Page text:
By Carlos Guillen
Equity markets are taking somewhat of a breather if you will, after a very exciting week of trading activity that was driven by earnings releases from industry giants such as Intel (NASDAQ:INTC), Google (NASDAQ:GOOG), Microsoft (NASDAQ:MSFT), and General Electric (NYSE:GE), but most of all at the center of all the attention was Fed Chairman Ben Bernanke who spoke in front of congress for two straight days.
Today has been a light day in terms of economic data, but earnings results from Google and Microsoft threatened to sink stocks today after they both delivered financial results that did not meet the Street's expectations. As it stands, Microsoft is down close to 11 percent, representing sharpest decliner among Dow components. As we all have been fearing, sluggish personal-computer demand and a slow start in the tablet market have continued to hurt Microsoft's business. Google is also down but has been recovering some ground after being down close to 4 percent earlier in the session, after the company missed on the bottom line as a decline in price paid for clicks on search ads weighed on its earnings.
On the other side of the world, the People's Bank of China has made a move that is also helping stocks from sinking today. In an effort to spur growth and give banks more freedom to set borrowing costs, the People's Bank of China said it will remove the floor on lending rates offered by the nation's financial institutions. The change, effective tomorrow, eliminates a limit set at 30 percent below the current 6 percent benchmark. This move can be seen as a form quantitative easing, and investors are certainly encouraged by it.
Also positive today and helping stocks keep somewhat afloat was news that the U.S.'s Aaa credit-rating outlook was revised to stable from negative by Moody's Investors Service, which said the government's debt trajectory has steadied with budget deficits narrowing. According to the agency, growth in the economy, "while moderate," is proceeding even as the U.S. has enacted tax increases and spending reductions.
As the trading week comes to an end, investors are continuing to decipher the comments made by Fed Chairman Ben Bernanke in front of congress in the past two days. Speaking to the House Financial Services Committee on Wednesday and before the Senate Banking Committee on Thursday, Ben stressed that the central bank's timetable for pulling back on its $85 billion-a-month bond-buying program isn't on a "preset course" and that it could be delayed if the economy weakens. This lifted stocks to new highs and is continuing to keep investors' confidence strong during today's session.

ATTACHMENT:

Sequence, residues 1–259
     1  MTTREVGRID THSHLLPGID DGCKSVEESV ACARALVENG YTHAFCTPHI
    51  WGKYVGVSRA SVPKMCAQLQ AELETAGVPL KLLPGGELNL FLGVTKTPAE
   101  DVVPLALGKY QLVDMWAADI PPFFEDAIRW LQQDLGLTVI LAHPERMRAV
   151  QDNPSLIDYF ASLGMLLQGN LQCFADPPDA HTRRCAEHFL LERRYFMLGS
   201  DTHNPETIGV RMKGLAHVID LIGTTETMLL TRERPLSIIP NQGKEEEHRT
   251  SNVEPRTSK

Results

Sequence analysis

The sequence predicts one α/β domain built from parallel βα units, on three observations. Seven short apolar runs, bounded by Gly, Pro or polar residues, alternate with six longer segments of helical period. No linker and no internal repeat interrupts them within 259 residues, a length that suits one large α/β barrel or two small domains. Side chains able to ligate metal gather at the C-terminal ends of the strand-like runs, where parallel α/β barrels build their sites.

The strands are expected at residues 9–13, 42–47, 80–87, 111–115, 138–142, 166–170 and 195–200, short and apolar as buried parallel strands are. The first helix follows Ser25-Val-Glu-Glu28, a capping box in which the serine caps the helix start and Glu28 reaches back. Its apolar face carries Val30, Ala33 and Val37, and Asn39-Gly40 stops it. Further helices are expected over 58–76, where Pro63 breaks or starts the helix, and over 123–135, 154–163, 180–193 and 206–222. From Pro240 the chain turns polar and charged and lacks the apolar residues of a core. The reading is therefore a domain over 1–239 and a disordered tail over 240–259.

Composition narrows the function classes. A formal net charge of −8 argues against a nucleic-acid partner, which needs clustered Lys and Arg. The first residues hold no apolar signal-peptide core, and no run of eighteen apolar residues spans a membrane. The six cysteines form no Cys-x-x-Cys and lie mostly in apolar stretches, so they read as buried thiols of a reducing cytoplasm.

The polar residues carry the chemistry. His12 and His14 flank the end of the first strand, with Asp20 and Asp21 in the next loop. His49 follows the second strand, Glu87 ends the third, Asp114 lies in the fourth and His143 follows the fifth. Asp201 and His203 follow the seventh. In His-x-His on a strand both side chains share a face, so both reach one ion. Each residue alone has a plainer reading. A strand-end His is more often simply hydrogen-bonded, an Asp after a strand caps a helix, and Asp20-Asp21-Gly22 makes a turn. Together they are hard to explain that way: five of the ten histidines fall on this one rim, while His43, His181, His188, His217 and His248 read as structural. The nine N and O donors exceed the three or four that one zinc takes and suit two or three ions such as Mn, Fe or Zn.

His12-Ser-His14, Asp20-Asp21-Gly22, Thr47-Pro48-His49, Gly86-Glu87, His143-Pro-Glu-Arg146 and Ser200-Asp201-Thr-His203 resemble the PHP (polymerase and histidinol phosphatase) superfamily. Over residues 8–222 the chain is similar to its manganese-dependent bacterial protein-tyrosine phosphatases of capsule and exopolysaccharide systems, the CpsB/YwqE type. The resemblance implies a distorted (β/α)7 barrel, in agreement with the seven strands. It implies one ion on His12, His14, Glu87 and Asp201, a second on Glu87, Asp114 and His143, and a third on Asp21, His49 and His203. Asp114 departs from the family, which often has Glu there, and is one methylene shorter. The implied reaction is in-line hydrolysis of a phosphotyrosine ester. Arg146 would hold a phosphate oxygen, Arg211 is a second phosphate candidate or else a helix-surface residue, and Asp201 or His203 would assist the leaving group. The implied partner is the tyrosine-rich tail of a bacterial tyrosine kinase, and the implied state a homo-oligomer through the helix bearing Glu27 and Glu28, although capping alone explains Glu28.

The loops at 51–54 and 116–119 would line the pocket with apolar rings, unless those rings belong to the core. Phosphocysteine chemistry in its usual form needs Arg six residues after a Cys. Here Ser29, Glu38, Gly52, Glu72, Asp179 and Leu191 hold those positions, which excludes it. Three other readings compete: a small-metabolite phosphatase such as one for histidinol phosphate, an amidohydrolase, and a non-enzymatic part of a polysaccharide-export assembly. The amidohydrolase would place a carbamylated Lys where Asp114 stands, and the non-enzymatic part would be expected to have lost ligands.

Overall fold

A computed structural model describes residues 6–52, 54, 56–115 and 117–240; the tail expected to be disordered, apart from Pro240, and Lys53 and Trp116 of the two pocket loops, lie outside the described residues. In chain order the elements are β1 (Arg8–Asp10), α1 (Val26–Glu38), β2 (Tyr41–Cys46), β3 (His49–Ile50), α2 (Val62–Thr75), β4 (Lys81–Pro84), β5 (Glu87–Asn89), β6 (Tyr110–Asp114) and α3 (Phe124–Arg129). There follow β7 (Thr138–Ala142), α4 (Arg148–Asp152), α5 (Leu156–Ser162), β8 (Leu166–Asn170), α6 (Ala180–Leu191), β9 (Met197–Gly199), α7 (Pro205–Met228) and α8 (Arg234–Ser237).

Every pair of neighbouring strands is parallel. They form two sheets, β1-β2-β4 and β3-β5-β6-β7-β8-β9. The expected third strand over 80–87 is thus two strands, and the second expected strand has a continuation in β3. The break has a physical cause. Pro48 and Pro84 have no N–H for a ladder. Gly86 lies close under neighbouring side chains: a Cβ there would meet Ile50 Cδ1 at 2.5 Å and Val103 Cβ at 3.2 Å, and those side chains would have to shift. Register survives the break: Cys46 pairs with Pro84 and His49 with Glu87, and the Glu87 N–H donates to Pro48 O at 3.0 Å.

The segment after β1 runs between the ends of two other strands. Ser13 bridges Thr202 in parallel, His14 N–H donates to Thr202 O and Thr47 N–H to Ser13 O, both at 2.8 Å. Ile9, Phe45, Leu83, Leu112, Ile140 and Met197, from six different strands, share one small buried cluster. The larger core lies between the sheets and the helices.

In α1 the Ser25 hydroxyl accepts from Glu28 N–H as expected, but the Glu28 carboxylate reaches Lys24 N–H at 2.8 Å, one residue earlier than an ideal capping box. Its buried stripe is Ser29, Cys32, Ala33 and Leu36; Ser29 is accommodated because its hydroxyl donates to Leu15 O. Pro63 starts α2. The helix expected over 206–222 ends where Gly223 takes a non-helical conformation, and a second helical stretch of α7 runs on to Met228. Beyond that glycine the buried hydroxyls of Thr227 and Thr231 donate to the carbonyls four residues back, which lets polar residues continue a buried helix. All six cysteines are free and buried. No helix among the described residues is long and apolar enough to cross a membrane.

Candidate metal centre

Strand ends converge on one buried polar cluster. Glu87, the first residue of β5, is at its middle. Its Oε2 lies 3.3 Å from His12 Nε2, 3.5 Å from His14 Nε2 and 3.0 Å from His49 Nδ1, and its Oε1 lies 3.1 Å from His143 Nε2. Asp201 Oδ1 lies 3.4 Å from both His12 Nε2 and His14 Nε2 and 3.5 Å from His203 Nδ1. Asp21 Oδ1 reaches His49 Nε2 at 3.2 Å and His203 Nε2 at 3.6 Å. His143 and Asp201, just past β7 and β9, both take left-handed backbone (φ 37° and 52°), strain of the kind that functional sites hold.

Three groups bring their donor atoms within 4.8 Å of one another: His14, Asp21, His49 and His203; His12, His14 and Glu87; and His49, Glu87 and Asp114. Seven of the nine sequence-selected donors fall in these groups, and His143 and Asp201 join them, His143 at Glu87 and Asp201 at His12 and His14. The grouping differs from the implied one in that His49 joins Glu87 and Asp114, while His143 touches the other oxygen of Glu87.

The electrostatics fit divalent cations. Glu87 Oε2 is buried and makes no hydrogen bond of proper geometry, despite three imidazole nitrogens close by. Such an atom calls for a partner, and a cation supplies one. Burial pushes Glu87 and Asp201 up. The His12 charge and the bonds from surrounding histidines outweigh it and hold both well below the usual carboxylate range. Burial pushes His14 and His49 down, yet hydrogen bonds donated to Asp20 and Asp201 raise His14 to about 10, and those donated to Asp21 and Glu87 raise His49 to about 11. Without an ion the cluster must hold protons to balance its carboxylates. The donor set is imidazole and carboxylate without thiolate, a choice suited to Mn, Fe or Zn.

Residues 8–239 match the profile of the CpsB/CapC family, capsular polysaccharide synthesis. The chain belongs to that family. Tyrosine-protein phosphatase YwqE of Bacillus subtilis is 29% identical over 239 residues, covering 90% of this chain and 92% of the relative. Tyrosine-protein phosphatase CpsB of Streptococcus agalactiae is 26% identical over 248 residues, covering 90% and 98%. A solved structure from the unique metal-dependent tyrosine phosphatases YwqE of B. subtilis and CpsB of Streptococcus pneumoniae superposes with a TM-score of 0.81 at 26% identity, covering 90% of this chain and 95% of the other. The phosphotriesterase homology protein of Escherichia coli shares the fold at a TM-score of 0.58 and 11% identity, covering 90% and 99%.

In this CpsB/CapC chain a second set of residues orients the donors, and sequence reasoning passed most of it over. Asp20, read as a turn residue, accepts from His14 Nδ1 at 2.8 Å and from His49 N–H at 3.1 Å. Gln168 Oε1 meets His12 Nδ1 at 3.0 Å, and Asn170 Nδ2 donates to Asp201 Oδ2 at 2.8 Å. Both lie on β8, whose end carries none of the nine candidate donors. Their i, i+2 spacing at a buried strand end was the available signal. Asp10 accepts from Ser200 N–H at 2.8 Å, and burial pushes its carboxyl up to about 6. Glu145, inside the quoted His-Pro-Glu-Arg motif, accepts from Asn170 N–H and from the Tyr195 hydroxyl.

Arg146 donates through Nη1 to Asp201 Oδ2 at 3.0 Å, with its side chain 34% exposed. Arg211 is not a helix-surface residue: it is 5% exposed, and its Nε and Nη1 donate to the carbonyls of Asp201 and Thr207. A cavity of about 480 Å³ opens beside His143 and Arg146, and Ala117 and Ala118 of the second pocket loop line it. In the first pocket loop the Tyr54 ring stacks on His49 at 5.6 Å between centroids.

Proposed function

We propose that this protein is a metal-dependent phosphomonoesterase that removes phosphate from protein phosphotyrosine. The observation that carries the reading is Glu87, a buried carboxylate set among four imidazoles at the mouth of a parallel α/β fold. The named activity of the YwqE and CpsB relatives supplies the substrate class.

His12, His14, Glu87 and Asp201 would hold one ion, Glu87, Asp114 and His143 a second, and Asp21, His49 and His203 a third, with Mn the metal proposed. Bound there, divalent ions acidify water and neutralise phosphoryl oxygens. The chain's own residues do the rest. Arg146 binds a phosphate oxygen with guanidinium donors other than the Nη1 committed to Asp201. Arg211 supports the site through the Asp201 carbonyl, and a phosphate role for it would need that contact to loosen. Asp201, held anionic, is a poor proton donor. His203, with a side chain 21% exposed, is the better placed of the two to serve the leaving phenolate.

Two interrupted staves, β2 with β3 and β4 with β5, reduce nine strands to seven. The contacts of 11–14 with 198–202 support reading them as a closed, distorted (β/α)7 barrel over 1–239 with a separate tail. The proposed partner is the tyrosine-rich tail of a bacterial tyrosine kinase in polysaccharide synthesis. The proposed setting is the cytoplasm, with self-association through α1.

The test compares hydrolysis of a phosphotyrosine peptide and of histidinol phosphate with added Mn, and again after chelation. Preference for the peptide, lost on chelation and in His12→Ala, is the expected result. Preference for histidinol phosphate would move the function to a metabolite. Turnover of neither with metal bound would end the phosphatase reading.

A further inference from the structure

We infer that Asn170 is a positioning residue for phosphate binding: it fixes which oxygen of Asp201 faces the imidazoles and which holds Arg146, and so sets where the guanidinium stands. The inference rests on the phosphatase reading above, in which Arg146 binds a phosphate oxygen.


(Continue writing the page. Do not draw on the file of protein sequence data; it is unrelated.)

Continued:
Crude Spread Hits Parity
By David Urani
There's some interesting action in the oil markets of late, and today in particular saw the price spread between international Brent oil and the US's WTI oil whittled down to virtually nothing. In fact, WTI briefly went above Brent for the first time since mid-2010. Of course, the wide spread between the two before today was a consequence of the US shale boom which lowered the price of US oil. In February this year, the spread was as much as $20.
Some of the increase in WTI oil of late may be the result of a supply glut at the Cushing, OK hub being alleviated by the improving network of pipeline and rail. In the meantime, rocky economic conditions in Europe are serving to hold Brent down to an extent.
This effect, if sustained, is likely to change the dynamics of the oil industry somewhat, particularly in the transportation of crude.
US Rails have seen extra demand because of that Brent/WTI spread; some refiners who normally would have been using Brent from the Gulf switched to WTI which is being transported by rail from the North. Take for instance CSX (NYSE:CSX), who on Tuesday continued to see demand from just that, with new shipments from the shale to east coast refiners leading to an 11% increase in its chemicals shipments. With the two prices now back to parity one may expect some of that demand to return back to Brent and take some of the load off of rails.
Oil tanker operator Frontline (NYSE:FRO) also caught an interesting upgrade this morning from Global Hunter. FRO ships oil from the Middle East over to Asia, the US and other regions. With Brent oil now priced the same as WTI, that Brent oil can see improved demand, and in particular those abovementioned US east coast refiners may restart some of their purchases of international oil.